Wipe away the excess plumber's putty around the drain opening inside the sink, using a rag.
Connect the Disposal's Power Cord
Before mounting the garbage disposal, you'll need to attach its plug-in power cord. Remove the electrical cover plate found on the bottom of the disposal unit. Install a strain relief fitting in the hole that the power cord will go through, and tighten the fitting nut with pliers.
Feed the loose-wire end of the power cord through the strain relief, and tighten the strain relief clamp onto the cord with a screwdriver. Using wire nuts, connect the white lead from the disposal to the power cord's white (neutral) wire, the black lead to the black (hot) cord wire, and the green ground lead to the cord's green ground wire. Tuck the connected wires into the disposal's electrical box and reinstall the cover plate.
Prepare for a Dishwasher Connection (optional)
In some installations, the dishwasher drain water is run through the garbage disposal. If that is your situation, locate the dishwasher inlet nipple near the top of the disposal chamber. Insert a screwdriver into the nipple, and tap the screwdriver with a hammer (like a chisel) to knock out the plug inside the nipple. The plug is a plastic disc that will fall into the disposal's grinding chamber. Reach inside through the top of the disposal unit and pull out the disc.
Mount the Garbage Disposal
The disposal can get a little heavy while doing this step so be careful you don't strain yourself.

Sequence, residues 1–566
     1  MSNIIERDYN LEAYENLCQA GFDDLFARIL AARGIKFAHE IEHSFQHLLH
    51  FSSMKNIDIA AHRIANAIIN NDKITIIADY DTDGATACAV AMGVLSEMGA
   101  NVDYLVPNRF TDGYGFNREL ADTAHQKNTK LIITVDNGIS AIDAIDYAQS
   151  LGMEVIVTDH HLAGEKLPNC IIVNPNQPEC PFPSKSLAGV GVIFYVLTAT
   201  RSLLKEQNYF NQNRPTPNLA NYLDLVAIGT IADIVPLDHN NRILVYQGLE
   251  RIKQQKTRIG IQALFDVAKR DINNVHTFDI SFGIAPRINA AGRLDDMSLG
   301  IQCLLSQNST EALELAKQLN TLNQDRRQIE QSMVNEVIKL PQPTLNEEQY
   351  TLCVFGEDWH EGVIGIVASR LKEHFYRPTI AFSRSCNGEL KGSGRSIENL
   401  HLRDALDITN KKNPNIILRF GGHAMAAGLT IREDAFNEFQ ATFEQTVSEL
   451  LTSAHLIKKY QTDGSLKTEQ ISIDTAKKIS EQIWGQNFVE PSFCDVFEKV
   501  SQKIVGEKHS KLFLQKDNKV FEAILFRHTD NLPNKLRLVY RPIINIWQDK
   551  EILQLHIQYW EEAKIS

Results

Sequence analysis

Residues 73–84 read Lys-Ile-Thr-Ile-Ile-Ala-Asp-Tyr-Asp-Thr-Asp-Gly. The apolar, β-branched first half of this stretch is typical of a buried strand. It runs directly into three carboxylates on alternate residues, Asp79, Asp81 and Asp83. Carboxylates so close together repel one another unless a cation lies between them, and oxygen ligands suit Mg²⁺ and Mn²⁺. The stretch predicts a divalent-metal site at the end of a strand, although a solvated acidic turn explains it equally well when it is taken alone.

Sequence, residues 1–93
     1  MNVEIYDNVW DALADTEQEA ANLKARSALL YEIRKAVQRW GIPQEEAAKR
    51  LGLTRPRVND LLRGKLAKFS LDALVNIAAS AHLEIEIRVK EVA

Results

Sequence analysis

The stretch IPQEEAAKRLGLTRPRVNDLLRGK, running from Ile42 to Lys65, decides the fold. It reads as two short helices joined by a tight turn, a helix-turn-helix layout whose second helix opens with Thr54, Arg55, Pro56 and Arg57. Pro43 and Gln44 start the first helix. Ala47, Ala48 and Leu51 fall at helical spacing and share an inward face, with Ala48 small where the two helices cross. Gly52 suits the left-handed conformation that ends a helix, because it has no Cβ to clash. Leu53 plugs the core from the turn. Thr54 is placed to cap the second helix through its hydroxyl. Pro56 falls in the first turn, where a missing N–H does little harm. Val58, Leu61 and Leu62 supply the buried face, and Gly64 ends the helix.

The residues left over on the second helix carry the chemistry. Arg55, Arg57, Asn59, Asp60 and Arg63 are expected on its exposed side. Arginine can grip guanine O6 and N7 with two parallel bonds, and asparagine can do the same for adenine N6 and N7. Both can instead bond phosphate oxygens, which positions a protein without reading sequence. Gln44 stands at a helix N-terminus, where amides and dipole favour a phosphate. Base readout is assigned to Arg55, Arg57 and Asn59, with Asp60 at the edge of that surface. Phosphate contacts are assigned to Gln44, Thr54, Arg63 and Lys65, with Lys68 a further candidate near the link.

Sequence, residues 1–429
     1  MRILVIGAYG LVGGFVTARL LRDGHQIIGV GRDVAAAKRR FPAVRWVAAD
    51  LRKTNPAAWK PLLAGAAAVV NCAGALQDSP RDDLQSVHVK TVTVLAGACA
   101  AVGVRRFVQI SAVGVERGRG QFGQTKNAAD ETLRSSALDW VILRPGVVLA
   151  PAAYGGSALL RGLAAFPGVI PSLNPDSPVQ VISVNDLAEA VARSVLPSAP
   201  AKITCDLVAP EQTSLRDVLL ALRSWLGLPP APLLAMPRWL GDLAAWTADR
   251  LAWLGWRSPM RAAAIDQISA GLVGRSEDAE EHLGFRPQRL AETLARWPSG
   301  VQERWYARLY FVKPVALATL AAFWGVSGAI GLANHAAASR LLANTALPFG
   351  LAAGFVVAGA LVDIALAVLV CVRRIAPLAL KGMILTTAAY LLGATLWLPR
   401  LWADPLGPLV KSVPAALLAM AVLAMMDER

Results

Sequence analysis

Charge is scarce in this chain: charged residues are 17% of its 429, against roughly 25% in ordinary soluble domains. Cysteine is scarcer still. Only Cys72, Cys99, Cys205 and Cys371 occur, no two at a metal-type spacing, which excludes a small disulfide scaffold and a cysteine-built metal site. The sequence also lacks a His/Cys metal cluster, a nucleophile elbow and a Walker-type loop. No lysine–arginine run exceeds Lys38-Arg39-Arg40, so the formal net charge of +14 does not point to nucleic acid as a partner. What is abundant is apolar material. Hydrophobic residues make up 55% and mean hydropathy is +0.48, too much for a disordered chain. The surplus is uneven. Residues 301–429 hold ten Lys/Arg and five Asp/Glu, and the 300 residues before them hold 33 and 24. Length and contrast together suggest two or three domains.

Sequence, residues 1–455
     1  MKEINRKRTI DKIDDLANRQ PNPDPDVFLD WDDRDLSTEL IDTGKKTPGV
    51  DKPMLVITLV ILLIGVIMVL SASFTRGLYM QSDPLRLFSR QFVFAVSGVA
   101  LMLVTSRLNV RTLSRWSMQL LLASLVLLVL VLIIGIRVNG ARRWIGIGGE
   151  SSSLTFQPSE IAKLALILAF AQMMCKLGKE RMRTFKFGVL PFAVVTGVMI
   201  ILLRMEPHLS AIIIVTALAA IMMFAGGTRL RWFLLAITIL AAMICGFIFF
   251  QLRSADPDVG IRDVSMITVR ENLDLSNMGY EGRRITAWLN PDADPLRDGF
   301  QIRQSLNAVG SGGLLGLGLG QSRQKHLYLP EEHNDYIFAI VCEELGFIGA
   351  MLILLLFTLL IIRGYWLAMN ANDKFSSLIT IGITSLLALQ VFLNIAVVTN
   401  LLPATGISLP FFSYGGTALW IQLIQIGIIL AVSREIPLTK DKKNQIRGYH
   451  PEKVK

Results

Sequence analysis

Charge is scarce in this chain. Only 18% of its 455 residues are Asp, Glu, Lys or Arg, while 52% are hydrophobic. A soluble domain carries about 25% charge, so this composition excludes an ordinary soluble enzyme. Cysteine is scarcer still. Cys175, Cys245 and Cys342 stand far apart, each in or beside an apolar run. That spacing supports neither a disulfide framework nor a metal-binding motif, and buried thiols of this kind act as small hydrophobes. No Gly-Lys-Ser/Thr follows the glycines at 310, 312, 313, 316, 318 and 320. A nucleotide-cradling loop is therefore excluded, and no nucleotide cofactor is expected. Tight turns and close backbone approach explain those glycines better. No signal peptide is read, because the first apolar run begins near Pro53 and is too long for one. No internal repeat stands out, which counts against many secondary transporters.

Align the disposal by lining up the top collar on the disposal with the three mounting ears on the sink mounting assembly. While holding the disposal in place, rotate the top collar so that the three mounting ears engage into the mounting collar on the bottom of the drain fitting.
Connect the Drain Lines
Fasten the rubber discharge tube to the disposal unit with its gasket and screws. Position the disposal by turning it so that the discharge tube aligns with the sink drain waste trap. You may need to add extension pieces or shorten the pipes to make the proper connections.
Once the drain connection is made, connect the dishwasher line, as applicable. Slide the dishwater hose onto the disposal nipple, and secure it with the clamp provided by the manufacturer.
Lock the Garbage Disposal Unit in Place
Firmly lock the disposal to the sink mounting assembly by tightening the rotating cam collar on the disposal, using either a screwdriver for leverage or a special wrench that may have come with the garbage disposal for this purpose. You likely will feel a distinct click as the disposal locks into place.
Check for Leaks and Proper Operation
Turn on the water and run it through the disposal to check all connections for leaks. If there are leaks, tighten any loose drain connections. Plug in the disposal to the wall outlet and make sure the circuit power is turned on.
Test the operation of the garbage disposal by turning on the water and disposal and dropping some food scraps into the drain.